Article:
Economy

AfCFTA: Commodity Exchange establishes 20 licensed delivery warehouses for agro-commodities storage

FG, NEPZA to boost FTZs competitiveness through AfCFTA
Written by Maritime First

The Nigeria Commodity Exchange (NCX), has been positioned to facilitate efficient export of commodities as the African Continental Free Trade Agreement (AfCFTA) takes off.

Its Managing Director, Mrs. Zaheera Baba-Ari, made the declaration on Sunday in Abuja noting that the AfCFTA was an important and strategic platform that would serve to enhance the economies of African countries.

“The establishment of the continental trade bloc will be beneficial to African countries if properly managed,’’’ she said.

Baba-Ari said that in view of the expected adverse effects of COVID-19 on the world, AfCFTA would boost intra-African trade and mitigate rapid decline in the GDP of African countries.

She said the exchange had established a network of 20 licensed delivery warehouses across major production areas in the six geo-political zones of the country for efficient receipt and storage of agro-commodities to be traded on the exchange.

The warehouses, located in Zamfara, Kano, Kaduna, Nassarawa, Benue, Bauchi, Sokoto, Plateau, Ebonyi, Ekiti and Kogi have combined capacity to store 50 trillion tonnes of goods, she said.

Baba-Ari added that other warehouses located in Adamawa, Gombe, Taraba, Jigawa, Edo, Cross River and Ondo States would be ready within the year.

The managing director also told newsmen that the Exchange had established fully equipped Quality Assurance Laboratories in each of the delivery warehouses.

She said the laboratories were for the purpose of testing the quality of commodities such as paddy rice, cocoa, sesame seed, soya beans, maize, sorghum and cashew nuts that would be traded on the exchange.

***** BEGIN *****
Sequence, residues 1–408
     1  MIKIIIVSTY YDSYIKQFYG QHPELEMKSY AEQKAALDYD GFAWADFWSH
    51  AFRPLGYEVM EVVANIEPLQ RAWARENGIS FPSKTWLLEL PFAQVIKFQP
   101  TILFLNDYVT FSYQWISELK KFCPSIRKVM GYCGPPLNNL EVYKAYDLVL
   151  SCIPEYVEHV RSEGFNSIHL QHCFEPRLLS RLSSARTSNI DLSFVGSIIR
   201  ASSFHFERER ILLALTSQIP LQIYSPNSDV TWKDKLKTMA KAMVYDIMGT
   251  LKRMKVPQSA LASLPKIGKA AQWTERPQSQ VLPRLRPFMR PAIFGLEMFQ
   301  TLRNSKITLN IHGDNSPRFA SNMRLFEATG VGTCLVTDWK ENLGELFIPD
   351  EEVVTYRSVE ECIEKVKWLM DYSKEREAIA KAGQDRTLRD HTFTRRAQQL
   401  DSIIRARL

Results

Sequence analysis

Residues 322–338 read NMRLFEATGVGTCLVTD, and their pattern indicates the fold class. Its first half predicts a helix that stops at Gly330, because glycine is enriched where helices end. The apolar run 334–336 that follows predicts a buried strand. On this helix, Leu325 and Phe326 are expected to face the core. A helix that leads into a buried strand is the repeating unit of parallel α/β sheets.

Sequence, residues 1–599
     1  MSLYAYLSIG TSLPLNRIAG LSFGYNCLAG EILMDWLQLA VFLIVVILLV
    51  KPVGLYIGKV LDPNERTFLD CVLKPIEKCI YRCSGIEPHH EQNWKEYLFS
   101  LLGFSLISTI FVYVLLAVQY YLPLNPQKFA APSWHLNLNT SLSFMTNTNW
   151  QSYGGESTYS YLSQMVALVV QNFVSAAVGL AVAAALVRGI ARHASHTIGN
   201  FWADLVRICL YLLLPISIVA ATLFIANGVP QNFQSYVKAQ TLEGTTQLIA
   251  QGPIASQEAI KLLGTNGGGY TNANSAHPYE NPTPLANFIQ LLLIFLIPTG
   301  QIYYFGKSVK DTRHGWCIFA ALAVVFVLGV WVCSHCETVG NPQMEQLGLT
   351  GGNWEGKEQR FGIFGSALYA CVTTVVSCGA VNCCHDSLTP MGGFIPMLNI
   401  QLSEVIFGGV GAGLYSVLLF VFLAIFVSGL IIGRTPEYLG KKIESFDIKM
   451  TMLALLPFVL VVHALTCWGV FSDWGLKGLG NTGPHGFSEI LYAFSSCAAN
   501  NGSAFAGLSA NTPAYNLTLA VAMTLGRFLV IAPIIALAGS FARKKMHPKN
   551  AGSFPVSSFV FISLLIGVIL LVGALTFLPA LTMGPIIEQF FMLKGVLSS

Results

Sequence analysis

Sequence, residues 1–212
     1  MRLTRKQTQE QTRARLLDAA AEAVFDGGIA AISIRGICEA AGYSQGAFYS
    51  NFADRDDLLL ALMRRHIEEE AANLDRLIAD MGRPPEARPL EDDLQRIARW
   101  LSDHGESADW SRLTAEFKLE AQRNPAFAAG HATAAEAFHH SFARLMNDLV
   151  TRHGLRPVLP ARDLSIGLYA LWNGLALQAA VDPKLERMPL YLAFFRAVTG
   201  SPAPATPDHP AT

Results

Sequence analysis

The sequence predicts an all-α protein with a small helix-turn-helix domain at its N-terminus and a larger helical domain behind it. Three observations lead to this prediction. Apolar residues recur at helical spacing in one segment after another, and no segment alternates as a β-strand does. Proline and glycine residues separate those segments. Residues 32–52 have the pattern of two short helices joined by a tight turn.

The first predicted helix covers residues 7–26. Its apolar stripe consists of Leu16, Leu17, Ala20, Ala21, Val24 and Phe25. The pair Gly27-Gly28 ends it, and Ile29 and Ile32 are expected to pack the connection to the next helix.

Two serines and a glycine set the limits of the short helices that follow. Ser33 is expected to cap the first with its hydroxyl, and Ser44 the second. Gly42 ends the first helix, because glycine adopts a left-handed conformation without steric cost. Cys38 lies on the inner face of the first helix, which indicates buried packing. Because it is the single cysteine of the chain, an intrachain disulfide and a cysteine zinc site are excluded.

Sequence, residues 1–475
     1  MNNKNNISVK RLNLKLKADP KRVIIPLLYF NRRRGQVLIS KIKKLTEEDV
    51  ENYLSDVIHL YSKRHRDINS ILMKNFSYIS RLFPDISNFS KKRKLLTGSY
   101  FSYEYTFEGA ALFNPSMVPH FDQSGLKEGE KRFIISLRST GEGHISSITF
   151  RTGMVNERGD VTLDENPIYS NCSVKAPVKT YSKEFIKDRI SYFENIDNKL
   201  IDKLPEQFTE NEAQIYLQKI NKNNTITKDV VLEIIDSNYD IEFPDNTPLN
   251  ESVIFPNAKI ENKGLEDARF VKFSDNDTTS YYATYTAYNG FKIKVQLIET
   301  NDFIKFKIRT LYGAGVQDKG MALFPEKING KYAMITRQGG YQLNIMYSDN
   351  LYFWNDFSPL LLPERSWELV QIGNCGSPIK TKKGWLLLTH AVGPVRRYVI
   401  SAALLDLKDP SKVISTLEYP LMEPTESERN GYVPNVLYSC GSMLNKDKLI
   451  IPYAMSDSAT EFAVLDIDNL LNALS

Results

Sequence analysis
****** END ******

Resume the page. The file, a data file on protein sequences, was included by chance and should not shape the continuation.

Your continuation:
Also read: AfCFTA Commencement excites MOMAN

“The NCX has acquired robust Trading Application System for seamless buying and selling of commodity to ensure market integrity, price transparency and the facilitation of cross border trades.

“It has also acquired a Warehouse Management System that assures efficient management of warehouse inventories.

“We have perfected Memorandum of Understanding with relevant foreign and Nigerian Commodity Associations like the Ethiopia Commodity Exchange and the Export Merchants Association of Sudan to trade in selected agro-commodities,’’ she said.

On standards and quality of commodities, Baba-Ari said that the NCX Quality Control department was headed by a professional certified by the Institute of Public Analysts of Nigeria.

She added that the exchange’s laboratory was being rigorously upgraded for ISO22000 certification which combines ISO 9001 with Food Safety Management and Hazard Analysis, including Critical Control Point System (HACCP).

“’The HACCP identifies specific hazards and proffers measures for the control of identified impurities in the food processing sector,’’’ she said.

She also said that Nigerian farmers and manufacturers would likely face the challenges of global competitiveness as a result of high cost of production, poor yields, low capacity utilisation and high prices.

“The issue of tariff on agro-commodity exports from Nigeria should be addressed to increase efficiency of trade flows.

“There is also the need for Nigeria to improve its position on the World Bank’s Ease of Doing Business Ranking from its current 131st rung of the ladder.

“This should be done by using focus indicators such as paying taxes, trading across borders, starting a business and connecting minority investors.

“This is in line with the goal of the Presidential Enabling Business Environment Council (PEBEC) to be the top 70 among a total of 190 countries,’’’ Baba-Ari said.

The agreement establishing the AfCFTA was signed in March 2018, in Kigali, following conclusion of the main legal texts.

It is a free trade area among 54 of the 55 African Union nations. Trading in the Area began on Jan. 1, 2021.

It is aimed at creating a single market for goods and services; facilitate the movement of persons; promote industrial development, sustainable and inclusive socio-economic growth within the African continent.

Under AfCFTA trading, tariffs on various commodities where rules of origin have been agreed will be drastically reduced and traders of all sizes will have access to a much bigger market than before.

 

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Maritime First